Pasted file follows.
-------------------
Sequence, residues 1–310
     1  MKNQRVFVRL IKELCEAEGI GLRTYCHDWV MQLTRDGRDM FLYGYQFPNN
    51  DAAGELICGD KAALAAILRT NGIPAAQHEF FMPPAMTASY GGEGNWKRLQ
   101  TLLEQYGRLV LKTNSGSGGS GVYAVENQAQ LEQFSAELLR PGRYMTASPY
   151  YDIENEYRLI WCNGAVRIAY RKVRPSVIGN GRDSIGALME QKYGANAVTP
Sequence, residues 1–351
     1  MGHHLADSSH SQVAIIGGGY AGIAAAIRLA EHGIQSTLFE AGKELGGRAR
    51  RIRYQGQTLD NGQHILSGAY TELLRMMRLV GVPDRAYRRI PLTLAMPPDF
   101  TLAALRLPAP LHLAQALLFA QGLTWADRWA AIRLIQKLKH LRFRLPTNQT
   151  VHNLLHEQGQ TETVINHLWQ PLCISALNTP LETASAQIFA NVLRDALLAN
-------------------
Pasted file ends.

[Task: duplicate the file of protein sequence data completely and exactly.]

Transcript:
Sequence, residues 1–310
     1  MKNQRVFVRL IKELCEAEGI GLRTYCHDWV MQLTRDGRDM FLYGYQFPNN
    51  DAAGELICGD KAALAAILRT NGIPAAQHEF FMPPAMTASY GGEGNWKRLQ
   101  TLLEQYGRLV LKTNSGSGGS GVYAVENQAQ LEQFSAELLR PGRYMTASPY
   151  YDIENEYRLI WCNGAVRIAY RKVRPSVIGN GRDSIGALME QKYGANAVTP
Sequence, residues 1–351
     1  MGHHLADSSH SQVAIIGGGY AGIAAAIRLA EHGIQSTLFE AGKELGGRAR
    51  RIRYQGQTLD NGQHILSGAY TELLRMMRLV GVPDRAYRRI PLTLAMPPDF
   101  TLAALRLPAP LHLAQALLFA QGLTWADRWA AIRLIQKLKH LRFRLPTNQT
   151  VHNLLHEQGQ TETVINHLWQ PLCISALNTP LETASAQIFA NVLRDALLAN